This may be due to such factors as changing scenario of means of entertainment. People have less inclination to read about military operations at this point in time. Another major reason for this gap is the physical alienation of military from the general habitation of the country. For example, all such things as military bases have their own schools, churches, places for shopping, and health care centers along with areas of recreation have played a significant role in widening the civil-forces gap in the recent times.

Moreover, “the increasing incorporation of technological functions that traditionally have not been part of the warrior role may in fact make” (Morgan, p. 101, 2001). Intellectual and physical separation of the forces is another factor leading to this very critical issue of increasing gap between forces and the general public. One thing worth noting is army’s not being a representative of the entire population on the whole which creates a questioning point among many a citizen easily giving more rise to criticism not only on the side of those not represented by the military but also by those who are under-represented by the forces.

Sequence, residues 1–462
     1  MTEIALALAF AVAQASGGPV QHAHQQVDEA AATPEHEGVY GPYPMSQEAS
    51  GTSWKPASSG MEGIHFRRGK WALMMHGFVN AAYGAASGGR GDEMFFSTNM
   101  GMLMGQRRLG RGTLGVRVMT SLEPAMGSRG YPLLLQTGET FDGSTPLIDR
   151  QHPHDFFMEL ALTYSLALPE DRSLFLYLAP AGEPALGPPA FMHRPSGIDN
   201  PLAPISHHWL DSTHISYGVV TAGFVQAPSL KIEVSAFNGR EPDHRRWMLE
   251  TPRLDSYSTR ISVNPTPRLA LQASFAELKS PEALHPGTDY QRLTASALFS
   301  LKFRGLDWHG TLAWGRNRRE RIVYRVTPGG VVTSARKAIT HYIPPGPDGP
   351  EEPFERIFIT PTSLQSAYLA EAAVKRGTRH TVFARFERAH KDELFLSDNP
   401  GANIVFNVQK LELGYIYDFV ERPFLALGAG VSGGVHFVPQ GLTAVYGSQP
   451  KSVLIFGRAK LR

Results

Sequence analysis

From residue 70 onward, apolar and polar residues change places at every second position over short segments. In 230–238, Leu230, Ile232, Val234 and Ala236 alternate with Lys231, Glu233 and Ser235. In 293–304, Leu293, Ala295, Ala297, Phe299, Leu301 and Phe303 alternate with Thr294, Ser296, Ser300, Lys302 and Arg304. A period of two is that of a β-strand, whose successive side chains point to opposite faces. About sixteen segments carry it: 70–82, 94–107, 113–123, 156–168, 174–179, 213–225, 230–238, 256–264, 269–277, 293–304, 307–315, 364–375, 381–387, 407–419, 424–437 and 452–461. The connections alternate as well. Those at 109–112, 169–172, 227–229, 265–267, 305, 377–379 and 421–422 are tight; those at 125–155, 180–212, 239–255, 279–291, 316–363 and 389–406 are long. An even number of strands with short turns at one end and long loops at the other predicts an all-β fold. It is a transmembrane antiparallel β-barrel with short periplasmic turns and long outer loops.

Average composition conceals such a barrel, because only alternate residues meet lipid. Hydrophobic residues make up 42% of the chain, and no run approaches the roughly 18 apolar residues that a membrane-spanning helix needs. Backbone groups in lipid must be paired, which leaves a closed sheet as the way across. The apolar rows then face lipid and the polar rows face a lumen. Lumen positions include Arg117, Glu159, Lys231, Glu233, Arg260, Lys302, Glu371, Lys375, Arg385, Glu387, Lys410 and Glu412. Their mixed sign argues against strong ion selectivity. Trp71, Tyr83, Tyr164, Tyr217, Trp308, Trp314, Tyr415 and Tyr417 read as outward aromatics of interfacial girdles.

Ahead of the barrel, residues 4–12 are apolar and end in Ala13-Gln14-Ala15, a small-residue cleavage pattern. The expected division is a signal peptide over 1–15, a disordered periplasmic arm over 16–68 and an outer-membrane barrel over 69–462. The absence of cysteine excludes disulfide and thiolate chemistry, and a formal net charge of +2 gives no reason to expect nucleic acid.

In the very recent times when the war against terrorism has led the US forces into such far lands and Iraq and Afghanistan, there is word that takes into criticism the amount of spending that is being conducted for the military operation across the different countries US has stepped in. This seems to have radical implication for the future time regarding recruitment and retention of forces on the whole. The administration, in this connection, seems to argue that such increased military spending is an integral part in the war on global terrorism and that it is important to back up forces with necessary logistics and funds.

However, there are critics to this very trend. According to one such critic, Pena (p. 41, 2005), in today’s war on terrorism, military’s role will “mainly involve special operations forces in discrete missions against specific targets, not conventional warfare aimed at overthrowing entire regimes”; as such “The rest of the war aimed at dismantling and degrading the al Qaeda terrorist network will require unprecedented international intelligence and law enforcement cooperation, not expensive new planes, helicopters, and warship”. (p. 41).